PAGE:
Lake Tahoe ‘snow hangover’ may curtail advance bookings, hoteliers say |

Lake Tahoe ‘snow hangover’ may curtail advance bookings, hoteliers say

Rob Sabo
Northern Nevada Business Weekly
Dylan Silver / Tahoe Daily Tribune fileA man stands on Alameda Avenue during a snowstorm in January.

The Lake Tahoe Basin may suffer from a snow hangover in the upcoming 2012-13 ski season.

This season’s poor snow conditions could curb travel to the region, especially from international clientele, hotel executives and vacation rental managers say – but even more worrisome is the financial uncertainty troubling Europe.

Billion-dollar bailouts and the potential devaluation of the euro could wipe out gains made by strong spring and summer bookings, says Les Pedersen, director of sales and marketing for the 400-room Resort at Squaw Creek.

Bookings for the coming summer months are up anywhere from 20 percent to 40 percent in leisure occupancy depending on the month, Pedersen says. And despite the rotten skiing conditions at regional ski resorts last winter, bookings in the first part of the year remained stable, Pedersen says, mostly due to strong convention and group business at Squaw Creek.

“Our advance bookings only took us up to January, and after that from a leisure aspect we were at the mercy of snow,” Pedersen says. “It was not good in that respect, but we had a lot of group and convention bookings through last winter, and they sort of helped shield us from the snow conditions.”

Pedersen says it’s too early in the year to tell if the Lake Tahoe Basin will have a snow hangover for the winter of 2012-13. More pressing than the question of snow or no snow, though, is the fact European travelers may choose to stay closer to home for their ski vacations due to lingering economic uncertainty.

On a positive note, Pedersen says, the north end of the Lake Tahoe Basin will benefit from the multi-million dollar on-mountain improvements taking place at Squaw Valley ski resort.

“They will make Squaw a more attractive ski destination than in the past, and we are very excited to see all the improvements going on,” he says.

Don Cauley, general manager of Vacation Station in Incline Village, says the upcoming winter will go one of two ways: Vacationers could be disappointed with the most recent Sierra snowfall and be hesitant to book vacations to the region; or they could have pent-up demand from lack of skiing over the past winter and be eager to hit the slopes.

Late January, February and March were poor months for vacation rentals, Cauley says, but since, the region has been blessed with some beautiful late spring weather that kicked off an early summer tourism season and helped make up lost ground.

Late spring, or the “shoulder season” before summer begins, typically is one of the slowest times of the year for property managers and hoteliers. And the past two years, summer didn’t really get into full swing until July. This year, however, sunny summer weather graced Northern California and Nevada beginning in May.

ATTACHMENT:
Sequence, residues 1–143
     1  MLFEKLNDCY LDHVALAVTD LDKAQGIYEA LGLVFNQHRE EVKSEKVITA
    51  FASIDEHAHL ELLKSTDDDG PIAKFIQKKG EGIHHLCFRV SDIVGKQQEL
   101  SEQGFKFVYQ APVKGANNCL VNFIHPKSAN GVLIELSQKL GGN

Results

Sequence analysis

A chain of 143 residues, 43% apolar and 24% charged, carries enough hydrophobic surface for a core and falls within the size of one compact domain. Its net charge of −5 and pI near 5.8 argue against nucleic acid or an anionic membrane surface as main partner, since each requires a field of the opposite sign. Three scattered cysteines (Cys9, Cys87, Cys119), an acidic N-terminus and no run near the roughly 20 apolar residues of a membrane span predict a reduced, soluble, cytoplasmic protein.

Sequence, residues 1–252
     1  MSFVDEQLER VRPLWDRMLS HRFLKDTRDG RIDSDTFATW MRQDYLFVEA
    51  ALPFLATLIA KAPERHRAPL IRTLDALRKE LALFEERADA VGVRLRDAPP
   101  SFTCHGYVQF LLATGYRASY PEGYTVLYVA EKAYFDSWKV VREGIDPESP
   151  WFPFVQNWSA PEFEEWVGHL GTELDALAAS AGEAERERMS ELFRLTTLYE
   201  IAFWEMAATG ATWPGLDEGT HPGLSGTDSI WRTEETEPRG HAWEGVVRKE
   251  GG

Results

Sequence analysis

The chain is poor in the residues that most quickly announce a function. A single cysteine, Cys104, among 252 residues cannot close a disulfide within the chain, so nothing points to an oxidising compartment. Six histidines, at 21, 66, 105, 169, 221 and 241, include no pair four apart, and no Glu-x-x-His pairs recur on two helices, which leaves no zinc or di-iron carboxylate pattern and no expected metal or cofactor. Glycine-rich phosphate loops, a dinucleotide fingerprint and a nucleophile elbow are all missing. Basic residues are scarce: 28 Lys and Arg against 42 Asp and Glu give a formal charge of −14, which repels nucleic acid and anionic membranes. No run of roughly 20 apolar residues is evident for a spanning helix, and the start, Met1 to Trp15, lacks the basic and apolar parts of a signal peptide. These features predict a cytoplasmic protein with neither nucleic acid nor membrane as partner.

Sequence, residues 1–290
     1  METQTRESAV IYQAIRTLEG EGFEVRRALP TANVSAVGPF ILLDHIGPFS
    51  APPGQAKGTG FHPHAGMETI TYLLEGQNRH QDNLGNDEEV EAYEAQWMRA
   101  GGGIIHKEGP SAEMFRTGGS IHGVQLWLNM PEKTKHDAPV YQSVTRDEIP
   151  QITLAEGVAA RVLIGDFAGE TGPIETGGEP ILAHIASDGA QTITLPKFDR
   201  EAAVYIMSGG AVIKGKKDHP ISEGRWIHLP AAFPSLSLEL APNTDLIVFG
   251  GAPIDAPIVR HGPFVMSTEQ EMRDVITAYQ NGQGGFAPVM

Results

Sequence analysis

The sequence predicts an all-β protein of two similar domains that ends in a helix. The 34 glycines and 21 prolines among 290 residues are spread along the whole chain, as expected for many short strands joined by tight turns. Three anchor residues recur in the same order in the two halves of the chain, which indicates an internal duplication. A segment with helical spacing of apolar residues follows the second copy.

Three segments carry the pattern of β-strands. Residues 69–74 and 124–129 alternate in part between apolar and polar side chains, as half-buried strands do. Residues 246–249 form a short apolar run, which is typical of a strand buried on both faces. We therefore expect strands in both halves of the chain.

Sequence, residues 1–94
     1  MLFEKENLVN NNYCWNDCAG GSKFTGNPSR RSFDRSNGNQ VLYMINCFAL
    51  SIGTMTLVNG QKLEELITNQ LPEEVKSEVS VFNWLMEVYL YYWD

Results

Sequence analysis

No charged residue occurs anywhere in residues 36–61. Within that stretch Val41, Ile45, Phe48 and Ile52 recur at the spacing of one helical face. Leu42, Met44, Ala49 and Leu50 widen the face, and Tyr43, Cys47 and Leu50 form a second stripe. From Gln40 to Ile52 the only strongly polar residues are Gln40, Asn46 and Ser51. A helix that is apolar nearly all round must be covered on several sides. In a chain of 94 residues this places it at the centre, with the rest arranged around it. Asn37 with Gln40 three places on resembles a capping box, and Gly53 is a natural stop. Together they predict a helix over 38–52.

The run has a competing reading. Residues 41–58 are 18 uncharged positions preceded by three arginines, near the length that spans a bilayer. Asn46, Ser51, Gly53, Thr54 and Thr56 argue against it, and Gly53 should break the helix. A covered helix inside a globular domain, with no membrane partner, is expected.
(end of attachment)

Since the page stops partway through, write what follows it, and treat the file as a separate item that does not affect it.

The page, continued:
Between now and Labor Day, Cauley says, advance bookings are trending up 15 percent year over year.

Brisk summer tourism may lead to a healthy winter. Vail Resorts, operator of Heavenly Mountain Resort, Northstar California and Kirkwood Ski Resort, says snowfall totals for last season were off by more than 50 percent across the company’s resorts.

Unseasonably warm weather and low snowfall curtailed visitation during spring break and Easter, key vacations periods for regional ski resorts. However, Vail says in its fiscal third quarter SEC filing, season pass sales for the 2012-13 season remain brisk and usually represent one-third of all season passes sold.

Stacy Brissenden, sales and marketing director for Tahoe Lakeshore Lodge & Spa on the California side of South Lake Tahoe, says the lakefront property isn’t waiting for Mother Nature to determine its fate this winter. Executives at the property are working with Heavenly to develop value ski-and-stay packages in order to lure vacationers.

“We are just really trying to put out there that no matter what happens, if its either an epic or similar type of season, people should still come out for their ski vacation,” Brissenden says.

Tahoe Lakeshore Lodge & Spa already has received some winter bookings, she adds. The summer months are looking especially strong at the property – reservations for June already are up 30 percent year over year, and the rest of the summer months are looking strong as well.

The resort was up 4 to 6 percent during the winter months, Brissenden notes.

“We really didn’t take a hard hit from the no snow this year. We are a lakefront property, so we appeal to people who are coming up and are excited that there is not too much snow on the ground and can enjoy a lakefront property.”

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